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Please begin with an informative title:

You don’t negotiate with hostage-takers.

In all the happiness of our having narrowly averted a government shutdown, with all its serious consequences, let's not forget the price we paid by violating that rule.

If you let the other side win by their use of hostage-taking, of course they’re going to do it again and again, probably in escalating fashion, with demands ever more outrageous.

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This rationale explains why the “no negotiations” rule doesn’t apply categorically to every bank robbery gone bad where the criminals take hostages to hold off the police who have them surrounded. The robbers are not an ongoing threat. You’re not going to encourage them to rob more banks in the future by letting them negotiate the terms of their surrender, because when it’s all over, they’ll be in jail.

But the Rs are an ongoing threat. At the end of the day, they will not be carted off to jail. We will have to deal with them long into the indefinite future. So in dealing with them, the rule applies—iron-clad, categorical, no exceptions.

The public explanation for no negotiations surrounding the annual budget reconciliation process is simple, because the situation is quite simple. The only legitimate, Constitutional, way to create or remove a govt obligation to spend money, is to pass or repeal the law that creates the obligation, period. It’s not legitimate to try to end-run the Constitution by exploiting a feature of this rather obscure, inside baseball, budget reconciliation process, to hold the whole govt and the economy hostage. The Rs need both chambers plus the WH to write or repeal laws. They didn’t get that in the last elections, they only got the House. What they’re trying to do in taking the budget reconciliation process hostage is simply and unequivocally cheating, trying to get what only the trifecta would get them legitimately, the ability to make or unmake laws.

The mistake was even talking to them about the budget in the setting of their threat to use this budget reconciliation process to take the country hostage. The size and make-up of the national budget is obviously open to negotiation in a democracy. The size and make-up of the national budget are obviously important (though not the crisis concern the Rs paint it as), necessary parts of the public conversation of governance in a republic. But our form of govt is a democratic republic, not a dictatorship of the House. We need to have the budget conversation over the passage of laws in the way our Constitution requires, not in the context of a House putsch.  Let them put up bills to repeal laws that obligate the govt to spend money that they feel is not justified.  Then we'll have the conversation over whether or not we can afford the spending they think we can't.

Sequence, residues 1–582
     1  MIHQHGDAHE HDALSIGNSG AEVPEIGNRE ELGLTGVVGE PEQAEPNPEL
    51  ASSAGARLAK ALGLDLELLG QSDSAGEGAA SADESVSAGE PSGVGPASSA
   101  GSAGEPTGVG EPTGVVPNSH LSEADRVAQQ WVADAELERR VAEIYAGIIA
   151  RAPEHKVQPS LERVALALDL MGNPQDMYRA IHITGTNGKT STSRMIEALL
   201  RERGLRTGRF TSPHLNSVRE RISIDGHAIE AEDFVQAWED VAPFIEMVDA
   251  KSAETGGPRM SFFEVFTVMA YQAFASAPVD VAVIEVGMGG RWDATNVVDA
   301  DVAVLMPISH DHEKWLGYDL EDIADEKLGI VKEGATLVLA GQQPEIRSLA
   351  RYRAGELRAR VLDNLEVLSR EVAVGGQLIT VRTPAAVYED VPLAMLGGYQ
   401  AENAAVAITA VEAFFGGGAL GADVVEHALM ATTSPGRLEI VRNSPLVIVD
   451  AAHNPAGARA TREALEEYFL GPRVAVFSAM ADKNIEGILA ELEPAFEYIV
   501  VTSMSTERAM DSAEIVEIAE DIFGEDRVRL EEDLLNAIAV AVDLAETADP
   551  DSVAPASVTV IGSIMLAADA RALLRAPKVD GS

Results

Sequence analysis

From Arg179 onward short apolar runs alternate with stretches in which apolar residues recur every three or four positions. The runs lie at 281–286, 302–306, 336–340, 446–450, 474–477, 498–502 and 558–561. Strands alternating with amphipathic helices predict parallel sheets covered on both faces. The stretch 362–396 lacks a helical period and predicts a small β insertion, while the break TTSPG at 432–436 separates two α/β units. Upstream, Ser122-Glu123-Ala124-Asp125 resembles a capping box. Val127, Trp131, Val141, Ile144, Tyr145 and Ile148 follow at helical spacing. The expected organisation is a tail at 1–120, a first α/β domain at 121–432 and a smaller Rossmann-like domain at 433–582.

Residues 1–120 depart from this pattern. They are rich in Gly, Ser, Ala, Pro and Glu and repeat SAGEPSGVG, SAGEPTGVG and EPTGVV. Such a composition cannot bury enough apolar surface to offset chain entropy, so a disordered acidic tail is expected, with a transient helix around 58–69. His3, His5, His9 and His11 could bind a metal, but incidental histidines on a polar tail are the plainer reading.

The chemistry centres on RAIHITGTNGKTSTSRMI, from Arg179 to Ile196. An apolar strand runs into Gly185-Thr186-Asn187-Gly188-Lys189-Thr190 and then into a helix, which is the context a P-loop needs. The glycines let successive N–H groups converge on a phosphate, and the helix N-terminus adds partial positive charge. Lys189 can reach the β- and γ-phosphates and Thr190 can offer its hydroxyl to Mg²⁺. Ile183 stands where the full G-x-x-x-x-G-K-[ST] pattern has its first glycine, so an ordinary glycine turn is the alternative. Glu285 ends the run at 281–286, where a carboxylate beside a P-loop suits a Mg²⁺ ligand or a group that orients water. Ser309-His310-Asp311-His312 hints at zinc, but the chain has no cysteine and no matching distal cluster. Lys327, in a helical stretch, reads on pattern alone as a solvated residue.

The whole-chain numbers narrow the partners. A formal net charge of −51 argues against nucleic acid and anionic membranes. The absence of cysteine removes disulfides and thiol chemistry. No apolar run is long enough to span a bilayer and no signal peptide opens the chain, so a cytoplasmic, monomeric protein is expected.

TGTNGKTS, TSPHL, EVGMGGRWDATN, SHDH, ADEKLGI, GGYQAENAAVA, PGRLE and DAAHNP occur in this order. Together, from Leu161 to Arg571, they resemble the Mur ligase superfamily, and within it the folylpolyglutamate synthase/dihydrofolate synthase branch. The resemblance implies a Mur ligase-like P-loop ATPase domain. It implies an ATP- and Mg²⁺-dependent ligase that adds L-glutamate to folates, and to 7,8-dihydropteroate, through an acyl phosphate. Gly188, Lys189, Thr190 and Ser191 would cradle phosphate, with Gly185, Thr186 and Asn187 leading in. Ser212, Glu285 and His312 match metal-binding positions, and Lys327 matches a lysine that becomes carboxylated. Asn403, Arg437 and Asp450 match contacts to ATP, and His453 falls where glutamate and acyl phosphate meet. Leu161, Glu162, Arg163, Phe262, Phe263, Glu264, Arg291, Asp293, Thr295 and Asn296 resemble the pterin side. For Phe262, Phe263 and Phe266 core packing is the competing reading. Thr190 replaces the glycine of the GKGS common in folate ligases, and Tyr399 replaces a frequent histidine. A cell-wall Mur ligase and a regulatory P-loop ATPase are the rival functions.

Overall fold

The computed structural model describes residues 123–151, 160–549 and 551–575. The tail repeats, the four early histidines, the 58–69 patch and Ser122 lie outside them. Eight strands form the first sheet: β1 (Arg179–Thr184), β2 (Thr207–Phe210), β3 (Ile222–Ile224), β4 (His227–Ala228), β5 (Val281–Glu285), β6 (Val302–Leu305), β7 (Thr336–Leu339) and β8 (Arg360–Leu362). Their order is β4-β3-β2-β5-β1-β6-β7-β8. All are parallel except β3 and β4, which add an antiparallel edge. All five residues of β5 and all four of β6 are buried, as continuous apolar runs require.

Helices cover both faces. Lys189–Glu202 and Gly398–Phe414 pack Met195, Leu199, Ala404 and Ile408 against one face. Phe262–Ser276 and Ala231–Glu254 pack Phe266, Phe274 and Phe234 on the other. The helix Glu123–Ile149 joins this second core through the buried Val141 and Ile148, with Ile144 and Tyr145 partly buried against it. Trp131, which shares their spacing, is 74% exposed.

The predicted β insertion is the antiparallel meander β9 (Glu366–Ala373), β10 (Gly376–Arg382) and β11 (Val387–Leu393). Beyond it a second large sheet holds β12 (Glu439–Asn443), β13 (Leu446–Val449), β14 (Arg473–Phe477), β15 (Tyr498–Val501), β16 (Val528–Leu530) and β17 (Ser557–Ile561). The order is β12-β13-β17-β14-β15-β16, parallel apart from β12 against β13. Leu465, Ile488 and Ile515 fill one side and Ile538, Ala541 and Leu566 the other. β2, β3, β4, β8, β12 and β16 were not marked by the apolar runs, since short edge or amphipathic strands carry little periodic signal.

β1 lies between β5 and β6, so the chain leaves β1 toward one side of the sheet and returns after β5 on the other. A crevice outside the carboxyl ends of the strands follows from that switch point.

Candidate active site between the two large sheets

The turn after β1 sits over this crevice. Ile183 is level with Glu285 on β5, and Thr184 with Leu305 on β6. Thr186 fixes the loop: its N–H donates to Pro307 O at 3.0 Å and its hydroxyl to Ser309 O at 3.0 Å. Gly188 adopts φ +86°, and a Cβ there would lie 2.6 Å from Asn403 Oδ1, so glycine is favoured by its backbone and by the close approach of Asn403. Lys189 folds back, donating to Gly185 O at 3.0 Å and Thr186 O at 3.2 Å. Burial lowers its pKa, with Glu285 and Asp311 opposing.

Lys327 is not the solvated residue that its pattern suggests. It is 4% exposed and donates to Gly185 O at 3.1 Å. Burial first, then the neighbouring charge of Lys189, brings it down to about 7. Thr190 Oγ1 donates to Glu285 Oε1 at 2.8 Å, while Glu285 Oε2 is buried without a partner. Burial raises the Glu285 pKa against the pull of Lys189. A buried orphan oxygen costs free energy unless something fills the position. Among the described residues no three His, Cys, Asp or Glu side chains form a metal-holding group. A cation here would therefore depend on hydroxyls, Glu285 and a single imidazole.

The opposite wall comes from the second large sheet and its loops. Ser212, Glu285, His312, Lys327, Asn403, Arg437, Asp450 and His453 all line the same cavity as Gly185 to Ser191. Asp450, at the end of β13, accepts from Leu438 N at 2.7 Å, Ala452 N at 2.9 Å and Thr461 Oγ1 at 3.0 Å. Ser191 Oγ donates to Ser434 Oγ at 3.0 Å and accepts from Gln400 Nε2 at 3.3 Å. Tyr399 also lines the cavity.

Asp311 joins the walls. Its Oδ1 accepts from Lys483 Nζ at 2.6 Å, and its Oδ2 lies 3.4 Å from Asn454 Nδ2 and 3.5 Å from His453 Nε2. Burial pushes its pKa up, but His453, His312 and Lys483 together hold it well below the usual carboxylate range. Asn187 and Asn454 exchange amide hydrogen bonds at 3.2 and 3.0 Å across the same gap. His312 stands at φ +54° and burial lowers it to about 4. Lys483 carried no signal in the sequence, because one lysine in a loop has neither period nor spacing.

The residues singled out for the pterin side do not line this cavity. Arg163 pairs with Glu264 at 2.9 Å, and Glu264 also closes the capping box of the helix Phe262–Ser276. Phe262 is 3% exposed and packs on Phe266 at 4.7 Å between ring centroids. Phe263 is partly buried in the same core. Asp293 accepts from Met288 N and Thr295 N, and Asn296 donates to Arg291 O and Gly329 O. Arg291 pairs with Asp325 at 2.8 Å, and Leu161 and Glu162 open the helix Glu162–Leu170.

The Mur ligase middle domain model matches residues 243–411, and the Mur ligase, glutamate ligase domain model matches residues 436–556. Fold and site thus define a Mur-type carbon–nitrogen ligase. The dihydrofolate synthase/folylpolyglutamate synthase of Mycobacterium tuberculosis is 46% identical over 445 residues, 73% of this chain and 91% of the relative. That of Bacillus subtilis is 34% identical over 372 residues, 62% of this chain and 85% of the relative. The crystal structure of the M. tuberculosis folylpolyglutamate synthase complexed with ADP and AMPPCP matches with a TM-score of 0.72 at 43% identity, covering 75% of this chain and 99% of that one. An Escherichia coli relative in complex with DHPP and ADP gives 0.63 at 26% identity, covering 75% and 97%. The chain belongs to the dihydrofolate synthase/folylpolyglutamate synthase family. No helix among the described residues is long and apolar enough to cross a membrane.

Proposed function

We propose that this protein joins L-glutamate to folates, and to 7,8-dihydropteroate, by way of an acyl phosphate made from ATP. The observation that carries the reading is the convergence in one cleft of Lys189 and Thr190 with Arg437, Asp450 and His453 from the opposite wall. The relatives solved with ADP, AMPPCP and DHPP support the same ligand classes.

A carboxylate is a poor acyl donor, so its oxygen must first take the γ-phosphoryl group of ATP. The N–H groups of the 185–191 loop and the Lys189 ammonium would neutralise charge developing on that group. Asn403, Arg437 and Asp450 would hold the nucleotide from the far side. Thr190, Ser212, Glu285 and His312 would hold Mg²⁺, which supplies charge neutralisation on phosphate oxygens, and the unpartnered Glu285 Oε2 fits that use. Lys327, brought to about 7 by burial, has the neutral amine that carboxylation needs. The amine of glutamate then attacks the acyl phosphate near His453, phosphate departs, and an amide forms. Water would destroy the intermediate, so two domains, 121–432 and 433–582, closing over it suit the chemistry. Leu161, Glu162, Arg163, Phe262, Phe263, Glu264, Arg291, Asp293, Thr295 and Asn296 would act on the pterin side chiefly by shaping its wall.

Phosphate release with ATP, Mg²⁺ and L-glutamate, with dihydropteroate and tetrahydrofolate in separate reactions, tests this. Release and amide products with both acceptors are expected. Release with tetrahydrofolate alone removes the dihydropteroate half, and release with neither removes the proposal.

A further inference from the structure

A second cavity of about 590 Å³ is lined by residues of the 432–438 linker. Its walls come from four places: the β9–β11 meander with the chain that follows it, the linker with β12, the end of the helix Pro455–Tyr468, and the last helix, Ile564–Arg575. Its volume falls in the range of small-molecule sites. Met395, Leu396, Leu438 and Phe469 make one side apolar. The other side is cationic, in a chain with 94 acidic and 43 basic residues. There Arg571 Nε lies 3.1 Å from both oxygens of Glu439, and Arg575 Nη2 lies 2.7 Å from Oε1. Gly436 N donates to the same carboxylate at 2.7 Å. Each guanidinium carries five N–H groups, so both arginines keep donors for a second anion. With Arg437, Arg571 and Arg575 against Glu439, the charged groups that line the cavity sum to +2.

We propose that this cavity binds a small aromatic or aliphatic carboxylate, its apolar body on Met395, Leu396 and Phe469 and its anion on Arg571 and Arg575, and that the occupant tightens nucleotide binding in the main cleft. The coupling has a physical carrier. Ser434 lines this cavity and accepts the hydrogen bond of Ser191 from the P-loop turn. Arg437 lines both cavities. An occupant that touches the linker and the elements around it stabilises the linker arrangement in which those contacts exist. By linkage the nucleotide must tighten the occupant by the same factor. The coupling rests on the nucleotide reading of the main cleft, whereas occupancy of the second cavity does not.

The next time they use hostage-taking to get more than their due, and they will do this again because we let it work for them this time, it won't be so simple to explain why hostage-taking is illegitimate, and why we won't negotiate.  We just made it easier for them, and harder for us the next time.

Yes, we were clever enough to get, as part of the deal, the final resolution of last year's reconciliation package.  "Next time" is not going to be next week.  But there will be a next time, over the exact same reconciliation process, at the end of this fiscal year, less than six months from now.  And then there will be another next time just before the 2012 elections.  But that's just the next times for budget reconciliation.  

We also have raises in the debt ceiling that provide an opportunity for hostage-taking.  But, wait, you say, the consequences of denying a raise in the debt-ceiling, national default, are so horrendous that, surely, they wouldn't dare hold default hostage?  Well, except that we just conceded the point that the consequences would be equally the fault of both sides if the hostage takers aren't negotiated with, if their demands are not at least partially met, if they are not compromised with.  If our side was unwilling to let a shutdown happen, because the consequences would be worse than the budget concessions demanded by the hostage-takers, what sort of much more extreme concessions will we be willing to make to avoid default, which has consequences so much worse than a mere shutdown?

By negotiating with hostage-takers, we just gave up our best line of defense in our ongoing struggle with the teahadists.  The thinking that allowed that to happen seems to be based on week-to-week management of poll numbers.  We weren't willing to risk a possible short-term drop in our numbers, but the way we chose to avoid that outcome involved creating a much more intractable problem months and years down the road.  Well, the poll numbers only count months and years down the road, so which side has the better grasp on the importance of poll numbers?  The next time any poll will count is in 11/12, and we just made that poll much harder to win so that we could avoid losing the week, this week in 4/11.

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